The Elite Few: Climbing Everest Without Supplemental Oxygen

Reaching the summit of Mount Everest, the world’s tallest peak at 29,029 feet, is an incredible feat. But climbing it without the aid of supplemental oxygen? That puts you in an elite group of fewer than 200 people who have achieved this nearly impossible quest. In this post, I’ll explore the immense challenges, dangers and allure of climbing Everest without O2, and highlight some of the climbers who defied the odds to join this exclusive club.

The Dangers and Challenges of Climbing Everest Without Oxygen

Let me be clear – climbing Everest is extremely dangerous and difficult even with bottled oxygen. But attempting it without O2 takes those risks to a whole new level. The death rate for those climbing without oxygen is significantly higher. Your body is slowly dying due to the lack of oxygen. It’s an unimaginably brutal physical and mental challenge.

Climbing without oxygen tanks means you’ll be moving at a much slower pace. What might take 12 hours with O2 can take 18+ hours without. You’re utterly exhausted but have to maintain absolute focus and determination with each step. The margins for error are razor-thin. One small mistake can mean the difference between life and death.

The route itself, from the Nepal side, is highly technical even with oxygen. You’re negotiating steep ice walls, traversing ladders over gaping crevasses, and scrambling up exposed rock faces, all in brutally cold temperatures and high winds. Now imagine doing all that while slowly suffocating. It’s almost unthinkable.

As someone who has climbed at extremely high altitudes, I can attest to how agonizing it is to climb without supplemental oxygen. Every single step is pure suffering and misery. Your lungs are burning, your body screaming for rest. But you have to maintain absolute focus and keep inching upwards towards the summit. The mental stamina required is almost superhuman.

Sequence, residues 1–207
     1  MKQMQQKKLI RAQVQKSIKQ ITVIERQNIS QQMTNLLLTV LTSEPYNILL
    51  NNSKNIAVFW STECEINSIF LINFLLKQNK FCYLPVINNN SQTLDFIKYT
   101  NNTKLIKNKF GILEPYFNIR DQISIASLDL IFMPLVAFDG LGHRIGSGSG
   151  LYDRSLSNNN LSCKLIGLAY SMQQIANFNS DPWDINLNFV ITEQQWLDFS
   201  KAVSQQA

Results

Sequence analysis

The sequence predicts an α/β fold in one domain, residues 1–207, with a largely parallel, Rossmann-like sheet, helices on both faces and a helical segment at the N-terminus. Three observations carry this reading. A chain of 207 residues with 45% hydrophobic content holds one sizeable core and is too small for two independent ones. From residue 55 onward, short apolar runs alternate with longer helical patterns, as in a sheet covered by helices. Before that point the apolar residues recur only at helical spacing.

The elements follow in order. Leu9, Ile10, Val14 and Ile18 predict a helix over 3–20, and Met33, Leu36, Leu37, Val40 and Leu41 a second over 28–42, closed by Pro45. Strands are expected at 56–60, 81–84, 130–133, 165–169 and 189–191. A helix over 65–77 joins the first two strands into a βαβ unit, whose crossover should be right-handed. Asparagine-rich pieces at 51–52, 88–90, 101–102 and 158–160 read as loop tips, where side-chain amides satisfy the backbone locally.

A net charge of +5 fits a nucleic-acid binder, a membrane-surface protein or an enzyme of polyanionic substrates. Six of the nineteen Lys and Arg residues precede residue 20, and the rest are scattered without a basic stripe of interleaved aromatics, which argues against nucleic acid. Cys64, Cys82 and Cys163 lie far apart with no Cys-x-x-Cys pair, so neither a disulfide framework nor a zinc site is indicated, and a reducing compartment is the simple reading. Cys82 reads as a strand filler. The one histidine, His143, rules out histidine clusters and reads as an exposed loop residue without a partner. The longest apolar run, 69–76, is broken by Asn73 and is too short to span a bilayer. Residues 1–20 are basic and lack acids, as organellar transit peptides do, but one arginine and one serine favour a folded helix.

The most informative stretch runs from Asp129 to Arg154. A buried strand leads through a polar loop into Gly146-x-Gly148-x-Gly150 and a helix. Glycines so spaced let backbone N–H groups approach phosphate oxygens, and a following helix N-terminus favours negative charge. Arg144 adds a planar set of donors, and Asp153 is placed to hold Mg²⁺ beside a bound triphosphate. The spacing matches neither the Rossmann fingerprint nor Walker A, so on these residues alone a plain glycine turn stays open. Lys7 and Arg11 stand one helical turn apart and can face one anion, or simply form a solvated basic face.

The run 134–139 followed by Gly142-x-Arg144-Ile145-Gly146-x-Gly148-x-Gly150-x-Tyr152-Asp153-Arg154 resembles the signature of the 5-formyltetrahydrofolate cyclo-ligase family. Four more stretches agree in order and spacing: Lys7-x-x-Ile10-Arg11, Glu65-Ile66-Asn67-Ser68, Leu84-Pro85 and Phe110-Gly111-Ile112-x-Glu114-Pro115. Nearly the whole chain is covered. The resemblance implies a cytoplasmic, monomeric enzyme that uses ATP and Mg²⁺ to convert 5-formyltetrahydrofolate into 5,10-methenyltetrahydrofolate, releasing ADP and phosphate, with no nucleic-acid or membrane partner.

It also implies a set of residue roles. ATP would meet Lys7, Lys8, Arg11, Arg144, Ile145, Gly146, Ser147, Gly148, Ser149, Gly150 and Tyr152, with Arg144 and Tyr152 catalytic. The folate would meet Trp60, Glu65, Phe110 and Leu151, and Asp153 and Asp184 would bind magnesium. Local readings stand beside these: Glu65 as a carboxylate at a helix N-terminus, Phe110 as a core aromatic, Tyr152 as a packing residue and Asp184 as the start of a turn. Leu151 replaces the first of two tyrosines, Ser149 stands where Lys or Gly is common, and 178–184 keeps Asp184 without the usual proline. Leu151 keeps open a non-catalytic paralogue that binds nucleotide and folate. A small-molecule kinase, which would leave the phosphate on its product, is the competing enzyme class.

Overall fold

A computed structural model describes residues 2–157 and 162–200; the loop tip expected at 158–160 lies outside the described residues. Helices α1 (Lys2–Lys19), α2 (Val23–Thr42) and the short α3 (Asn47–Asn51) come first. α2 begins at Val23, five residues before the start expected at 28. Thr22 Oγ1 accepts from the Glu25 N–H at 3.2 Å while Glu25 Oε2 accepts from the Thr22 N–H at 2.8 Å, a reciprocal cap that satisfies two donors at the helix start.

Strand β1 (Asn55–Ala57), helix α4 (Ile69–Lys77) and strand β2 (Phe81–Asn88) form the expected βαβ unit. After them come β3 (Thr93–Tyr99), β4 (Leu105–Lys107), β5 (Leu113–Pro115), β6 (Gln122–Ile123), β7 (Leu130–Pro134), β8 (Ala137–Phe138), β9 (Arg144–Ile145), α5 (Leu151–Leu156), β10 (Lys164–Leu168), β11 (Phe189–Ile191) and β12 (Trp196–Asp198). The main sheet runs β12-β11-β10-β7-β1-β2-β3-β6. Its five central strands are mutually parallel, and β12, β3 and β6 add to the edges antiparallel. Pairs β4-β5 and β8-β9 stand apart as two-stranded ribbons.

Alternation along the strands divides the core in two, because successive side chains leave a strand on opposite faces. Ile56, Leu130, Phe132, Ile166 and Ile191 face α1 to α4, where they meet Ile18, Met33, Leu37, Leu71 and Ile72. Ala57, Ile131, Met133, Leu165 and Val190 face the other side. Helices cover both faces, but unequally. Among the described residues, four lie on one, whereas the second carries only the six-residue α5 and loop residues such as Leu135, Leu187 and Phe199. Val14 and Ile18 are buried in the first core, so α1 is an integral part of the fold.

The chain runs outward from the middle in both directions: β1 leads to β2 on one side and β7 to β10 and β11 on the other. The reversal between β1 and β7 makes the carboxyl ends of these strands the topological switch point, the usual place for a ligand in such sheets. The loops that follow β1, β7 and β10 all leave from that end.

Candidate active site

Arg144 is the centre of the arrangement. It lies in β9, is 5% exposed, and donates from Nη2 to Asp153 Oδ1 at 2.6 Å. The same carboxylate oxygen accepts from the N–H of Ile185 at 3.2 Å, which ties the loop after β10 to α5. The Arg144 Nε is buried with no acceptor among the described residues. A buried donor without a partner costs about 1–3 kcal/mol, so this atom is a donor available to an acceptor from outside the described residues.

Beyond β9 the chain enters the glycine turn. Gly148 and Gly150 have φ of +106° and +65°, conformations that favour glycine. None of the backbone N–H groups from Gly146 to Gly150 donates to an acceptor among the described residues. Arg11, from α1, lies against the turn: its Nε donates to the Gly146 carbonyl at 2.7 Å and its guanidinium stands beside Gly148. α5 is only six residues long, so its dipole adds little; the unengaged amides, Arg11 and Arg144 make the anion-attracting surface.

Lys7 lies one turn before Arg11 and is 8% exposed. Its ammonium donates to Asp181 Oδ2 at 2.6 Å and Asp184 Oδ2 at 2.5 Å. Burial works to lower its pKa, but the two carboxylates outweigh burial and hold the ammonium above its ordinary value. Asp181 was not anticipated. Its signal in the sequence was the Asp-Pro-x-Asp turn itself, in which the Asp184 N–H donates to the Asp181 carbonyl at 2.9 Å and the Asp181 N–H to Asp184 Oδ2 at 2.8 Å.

Notable Climbers Who Conquered Everest Without Oxygen

So who are some of the incredible climbers who have pulled off this mind-boggling accomplishment? Reinhold Messner and Peter Habeler were the first to do it in 1978, shocking the mountaineering world and proving it was physiologically possible. But it wasn’t until 1980 that Messner achieved the first solo ascent without oxygen, cementing his status as a climbing legend.

Others gradually followed in their footsteps, including Ang Rita Sherpa, the Nepalese mountaineer who holds the record for most ascents of Everest without oxygen – an astounding 10 times! Sadly, he passed away in 2020. Francys Arsentiev became the first American woman to summit without O2 in 1998, although she tragically died on the descent.

In more recent years, Cory Richards and Adrian Ballinger achieved the feat in 2017 while documenting their struggle on social media. And just last year, Kilian Jornet set a new speed record, climbing from base camp to summit in just 26 hours without oxygen. The boundaries keep being pushed by the world’s top mountaineers.

New World Records Set by Climbers Without Oxygen

Those who climb Everest without oxygen aren’t just doing it for personal glory – they’re also aiming to set new world records. Because so few have achieved the feat, each new expedition is an opportunity to make history.

Take Kilian Jornet for example. His 26-hour ascent without O2 in 2022 shattered the previous record by over 10 hours. This superhuman achievement required meticulous planning, detailed knowledge of the route, and unbelievable endurance. But it showed what is possible when you combine elite athletic ability with high-altitude experience and sheer determination.

Other records have focused on pioneering new variations to the standard routes, or overcoming disabilities. In 2001, Erik Weihenmayer became the first blind person to summit Everest – an inconceivable accomplishment. More recently, Hari Budha Magar, a double above-knee amputee, is aiming to become the first to summit Everest and Lhotse (the world’s 4th highest mountain) without oxygen.

Setting a world record on Everest requires an obsessive, almost maniacal focus on the goal. You have to plan your expedition down to the last detail, and be willing to suffer immensely and risk it all. The success rate is miniscule – around 10%. It’s only for those who can push past all limitations.